Soon after the discussion of technology on RHETNT-L, ACW-L was also the site of a discussion of how we value our online work for hiring, tenure and promotion. In a query titled "Rambling" posted to the ACW-L list, Janice Walker, a graduate student in the PhD. program at University of South Florida, Tampa, said:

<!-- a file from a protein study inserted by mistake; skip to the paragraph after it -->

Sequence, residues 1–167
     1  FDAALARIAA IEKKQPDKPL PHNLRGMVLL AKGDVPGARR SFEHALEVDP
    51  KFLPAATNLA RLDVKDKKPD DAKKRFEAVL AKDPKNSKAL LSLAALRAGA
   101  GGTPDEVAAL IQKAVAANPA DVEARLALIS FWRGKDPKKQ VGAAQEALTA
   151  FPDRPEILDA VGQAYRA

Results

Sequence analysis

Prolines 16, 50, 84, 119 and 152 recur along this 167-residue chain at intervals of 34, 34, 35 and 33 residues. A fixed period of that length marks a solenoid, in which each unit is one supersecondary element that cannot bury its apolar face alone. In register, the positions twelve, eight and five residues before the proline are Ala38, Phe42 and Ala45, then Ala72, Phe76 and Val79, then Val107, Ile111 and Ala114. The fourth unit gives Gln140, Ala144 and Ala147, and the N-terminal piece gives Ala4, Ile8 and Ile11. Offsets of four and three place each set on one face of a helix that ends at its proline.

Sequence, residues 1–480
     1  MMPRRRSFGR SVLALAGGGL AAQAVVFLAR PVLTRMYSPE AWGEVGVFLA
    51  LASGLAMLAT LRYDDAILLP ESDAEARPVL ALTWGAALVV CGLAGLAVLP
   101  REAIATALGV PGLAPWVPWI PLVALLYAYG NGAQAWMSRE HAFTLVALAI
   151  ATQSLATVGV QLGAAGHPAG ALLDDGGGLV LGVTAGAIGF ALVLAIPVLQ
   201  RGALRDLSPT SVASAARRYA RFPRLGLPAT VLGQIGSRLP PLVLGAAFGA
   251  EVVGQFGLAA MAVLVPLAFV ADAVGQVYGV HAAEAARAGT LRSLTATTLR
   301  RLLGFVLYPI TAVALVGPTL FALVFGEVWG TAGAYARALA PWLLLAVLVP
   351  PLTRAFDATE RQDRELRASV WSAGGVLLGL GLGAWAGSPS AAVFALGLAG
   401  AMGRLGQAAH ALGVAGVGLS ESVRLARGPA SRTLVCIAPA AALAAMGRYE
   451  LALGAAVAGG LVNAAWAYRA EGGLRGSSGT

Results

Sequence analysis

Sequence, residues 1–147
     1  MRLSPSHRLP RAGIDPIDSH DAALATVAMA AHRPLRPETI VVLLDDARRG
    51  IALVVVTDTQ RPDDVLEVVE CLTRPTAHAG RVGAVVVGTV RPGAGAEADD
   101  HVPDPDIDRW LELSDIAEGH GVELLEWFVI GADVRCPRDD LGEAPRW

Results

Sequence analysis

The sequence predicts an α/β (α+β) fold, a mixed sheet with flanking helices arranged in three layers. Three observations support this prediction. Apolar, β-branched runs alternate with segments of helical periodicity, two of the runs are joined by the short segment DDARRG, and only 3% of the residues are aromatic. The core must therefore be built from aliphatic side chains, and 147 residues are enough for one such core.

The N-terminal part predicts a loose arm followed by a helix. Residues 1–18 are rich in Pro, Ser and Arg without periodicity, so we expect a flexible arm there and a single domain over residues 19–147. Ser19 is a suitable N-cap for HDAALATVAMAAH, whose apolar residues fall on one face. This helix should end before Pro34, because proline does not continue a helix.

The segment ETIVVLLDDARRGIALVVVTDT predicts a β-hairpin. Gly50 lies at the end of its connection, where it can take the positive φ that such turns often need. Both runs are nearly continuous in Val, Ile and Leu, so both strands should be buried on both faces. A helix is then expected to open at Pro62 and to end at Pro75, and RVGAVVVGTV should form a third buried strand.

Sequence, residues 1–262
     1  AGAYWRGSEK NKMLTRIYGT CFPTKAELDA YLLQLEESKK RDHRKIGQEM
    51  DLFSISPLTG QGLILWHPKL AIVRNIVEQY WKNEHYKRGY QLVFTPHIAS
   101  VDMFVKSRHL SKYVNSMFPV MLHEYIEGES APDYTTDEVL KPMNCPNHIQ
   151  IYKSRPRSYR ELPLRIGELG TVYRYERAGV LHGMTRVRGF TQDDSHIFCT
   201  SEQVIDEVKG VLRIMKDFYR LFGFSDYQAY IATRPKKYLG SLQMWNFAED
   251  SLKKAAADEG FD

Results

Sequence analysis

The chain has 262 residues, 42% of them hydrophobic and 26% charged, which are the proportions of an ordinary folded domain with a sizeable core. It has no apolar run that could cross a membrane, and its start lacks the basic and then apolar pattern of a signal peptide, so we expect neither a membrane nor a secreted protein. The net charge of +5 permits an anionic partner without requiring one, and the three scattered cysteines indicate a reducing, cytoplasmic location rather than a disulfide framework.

My prof wants papers "targeted to specific publications"--so when I told him that my publication was an online one, he responded that was not a good idea. Hiring committees . . . , he said, look at the publications, and they don't value online ones.Most of those responding to Walker's query seemed to feel that more and more hiring committees (and so, by extension, tenure and promotion committees) are considering the value of online publications along with print ones; however, having one's work appear in a presitigious print publication still carries more weight than does publishing online. Additionally, most believed that one must work from the inside to change what the academy values. This seems to imply that online publication will not become valued unless it is validated in contexts that the academy already values, such as print articles that reference online sources. Those who responded to Walker's query would argue that, by publishing print articles that reference online sources, the authors can also attain the position in the academy that will allow them to sit on the committees that determine what is valued, and how it is evaluated.